After a more than 10-month review period, the Environmental Protection Agency (EPA) is resuming Energy Star building certifications. The announcement should come as welcome news to property owners who rely on the program, whether using it to ensure compliance with state and local disclosure mandates, with federal lease requirements, or just as a handy metric for tracking energy usage.
Chances are you’ve heard of Energy Star. Administered by the EPA, the program promotes energy efficiency through Portfolio Manager, a free online tool that enables property owners to measure and track water and energy consumption, as well as greenhouse gas emissions. It also compares the data against similar buildings.
Properties that use the tool are assigned an Energy Star score on a scale of 1-100, which can be used to compare the building’s performance against similar property types in the U.S. For example, a score of 90 indicates that that property is more efficient than roughly 90% of its peers. Scoring 75 or higher designates a “top performer,” and means the building is eligible for Energy Star certification.
While it started out as a voluntary program, dozens of states and municipalities have incorporated the tool into their energy mandates and ordinances. For example, buildings in California larger than 50,000 square feet are required to disclose their energy use though Portfolio Manager; legislation passed in Washington, D.C., last year mandates minimum energy-efficiency standards, also based on data logged in the tool. According to EPA’s most recent data, more than 40% of commercial building space in the U.S. (270,000 buildings, or 26 billion square feet of floor space) use Portfolio Manager.
Because Energy Star and the commercial real estate industry are so deeply enmeshed, changes to the program can have broad implications for property owners. This became evident last year, when the EPA updated its Energy Star models, leading to big score drops for existing buildings.
Here’s what happened: Rather than trying to collect consumption data from every single building in the country, EPA relies on the Commercial Buildings Energy Consumption Survey (CBECS), which is conducted roughly every four years by the U.S. Energy Information Administration (EIA). The survey takes a small representative sample, which the EPA uses to establish a baseline of energy usage in buildings nationwide. The EPA then compares the real-time Portfolio Manager data to this baseline to determine how buildings participating in the Energy Star program stack up. Importantly, when you input your building’s data into Portfolio Manager, you’re comparing it to all similar properties across the country, not just ones in the Energy Star dataset.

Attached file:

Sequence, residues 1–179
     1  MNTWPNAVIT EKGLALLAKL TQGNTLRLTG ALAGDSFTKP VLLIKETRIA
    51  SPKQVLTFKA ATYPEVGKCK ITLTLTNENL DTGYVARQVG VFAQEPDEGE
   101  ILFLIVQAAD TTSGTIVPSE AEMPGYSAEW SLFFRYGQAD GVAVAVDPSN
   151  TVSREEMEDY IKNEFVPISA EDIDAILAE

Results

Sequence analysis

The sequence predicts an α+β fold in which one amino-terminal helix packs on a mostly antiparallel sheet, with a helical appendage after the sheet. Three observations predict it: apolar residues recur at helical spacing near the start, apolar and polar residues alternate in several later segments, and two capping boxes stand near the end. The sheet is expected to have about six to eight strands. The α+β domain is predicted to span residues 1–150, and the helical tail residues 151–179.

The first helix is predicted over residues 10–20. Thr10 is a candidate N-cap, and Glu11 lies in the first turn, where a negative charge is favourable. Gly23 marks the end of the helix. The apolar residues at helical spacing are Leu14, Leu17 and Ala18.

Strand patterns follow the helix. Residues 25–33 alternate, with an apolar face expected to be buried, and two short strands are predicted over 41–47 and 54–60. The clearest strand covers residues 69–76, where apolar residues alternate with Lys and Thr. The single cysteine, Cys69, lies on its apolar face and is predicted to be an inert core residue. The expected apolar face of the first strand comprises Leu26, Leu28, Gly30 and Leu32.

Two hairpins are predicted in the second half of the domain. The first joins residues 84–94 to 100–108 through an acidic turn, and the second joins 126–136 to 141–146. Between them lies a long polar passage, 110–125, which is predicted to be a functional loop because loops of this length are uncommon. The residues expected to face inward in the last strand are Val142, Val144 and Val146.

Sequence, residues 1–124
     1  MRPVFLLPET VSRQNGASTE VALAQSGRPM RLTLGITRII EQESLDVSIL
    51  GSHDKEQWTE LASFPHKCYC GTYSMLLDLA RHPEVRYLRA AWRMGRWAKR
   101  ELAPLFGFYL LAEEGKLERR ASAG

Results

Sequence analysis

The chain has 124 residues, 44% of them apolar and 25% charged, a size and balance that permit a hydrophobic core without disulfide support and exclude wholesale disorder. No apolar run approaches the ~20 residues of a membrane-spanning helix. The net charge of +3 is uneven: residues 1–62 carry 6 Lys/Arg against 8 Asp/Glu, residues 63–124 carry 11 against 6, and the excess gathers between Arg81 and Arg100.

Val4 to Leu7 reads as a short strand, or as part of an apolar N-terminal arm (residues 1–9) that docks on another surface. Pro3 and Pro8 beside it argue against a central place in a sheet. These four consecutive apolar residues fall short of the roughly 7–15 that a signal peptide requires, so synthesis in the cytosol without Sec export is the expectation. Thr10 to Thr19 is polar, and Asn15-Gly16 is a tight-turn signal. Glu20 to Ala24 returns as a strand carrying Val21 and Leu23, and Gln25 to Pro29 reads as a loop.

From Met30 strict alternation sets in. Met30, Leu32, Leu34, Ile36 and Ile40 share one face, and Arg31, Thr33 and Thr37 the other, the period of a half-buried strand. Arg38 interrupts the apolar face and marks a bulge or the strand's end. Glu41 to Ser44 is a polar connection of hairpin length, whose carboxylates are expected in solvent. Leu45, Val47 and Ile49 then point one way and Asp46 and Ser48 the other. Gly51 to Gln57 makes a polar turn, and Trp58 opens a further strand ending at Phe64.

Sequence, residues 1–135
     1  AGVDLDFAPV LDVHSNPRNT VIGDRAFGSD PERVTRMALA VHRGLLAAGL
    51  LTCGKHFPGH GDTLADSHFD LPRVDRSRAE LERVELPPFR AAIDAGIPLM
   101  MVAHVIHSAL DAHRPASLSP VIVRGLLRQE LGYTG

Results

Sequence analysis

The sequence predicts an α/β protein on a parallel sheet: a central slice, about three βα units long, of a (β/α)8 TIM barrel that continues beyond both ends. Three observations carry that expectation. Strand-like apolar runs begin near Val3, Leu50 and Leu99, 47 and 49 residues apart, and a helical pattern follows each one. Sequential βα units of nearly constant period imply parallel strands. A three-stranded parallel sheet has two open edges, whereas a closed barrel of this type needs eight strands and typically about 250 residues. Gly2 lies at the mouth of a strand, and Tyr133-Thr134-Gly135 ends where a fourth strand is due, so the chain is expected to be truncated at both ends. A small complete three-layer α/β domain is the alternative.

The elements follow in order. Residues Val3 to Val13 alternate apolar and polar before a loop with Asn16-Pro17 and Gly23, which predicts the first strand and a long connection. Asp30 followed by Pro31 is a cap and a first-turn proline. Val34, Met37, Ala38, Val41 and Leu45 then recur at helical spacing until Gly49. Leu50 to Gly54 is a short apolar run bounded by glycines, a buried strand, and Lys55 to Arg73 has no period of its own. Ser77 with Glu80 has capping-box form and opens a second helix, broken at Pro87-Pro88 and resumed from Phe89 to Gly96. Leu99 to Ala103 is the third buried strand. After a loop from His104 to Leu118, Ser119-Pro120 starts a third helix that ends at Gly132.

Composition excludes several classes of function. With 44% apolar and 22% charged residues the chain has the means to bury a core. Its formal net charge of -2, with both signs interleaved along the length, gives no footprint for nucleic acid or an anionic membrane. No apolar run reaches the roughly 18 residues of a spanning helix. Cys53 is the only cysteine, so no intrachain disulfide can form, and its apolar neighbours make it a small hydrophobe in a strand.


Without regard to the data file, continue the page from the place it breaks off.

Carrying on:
Unfortunately, the CBECS hadn’t been updated in more than a decade, meaning scores were assigned based on comparisons to an old, less efficient building stock. This led Energy Star scores to be artificially inflated, since they weren’t taking into account the myriad technological advancements and shifts in industry practices that occurred over that time. Once the new CBECS data went into effect, the average office property saw a 12-point score decrease.
However, NAIOP members soon began reporting other unintended consequences. Namely, similar buildings experienced large variations in score decreases based on climate. As a hypothetical example, a 300,000 square foot office building in Boston might see a 22-point decrease, while an identical one in San Francisco only lost 5 points.
The disparate outcomes were problematic, because Energy Star is intended to account for and normalize differences in energy consumption based on climate. If it didn’t, the vast majority of Energy Star-certified buildings would be located in climates where energy usage is inherently lower.
In response, NAIOP worked with its allies in the real estate community to compile data and demonstrate to EPA the effects of its scoring updates.
To its credit, EPA acknowledged the issue and halted all new Energy Star certifications, to give the agency time to review its models. It later determined that a Heating Degree Day (HDD) adjustment was needed to account for these regional differences. That tweak went into effect when the program was resumed at the end of July 2019 (see a full summary of the changes from the review period).
The EPA has taken a number of steps to ensure the regulated community is aware of the changes, including a number of recorded webinars available on the EPA website.
To account for the suspension period, the EPA has waived a number of rules regarding certification deadlines and has made available information on the changes for those seeking certification for both 2018 and 2019.
Alex Ford is NAIOP’s Director of Federal Affairs.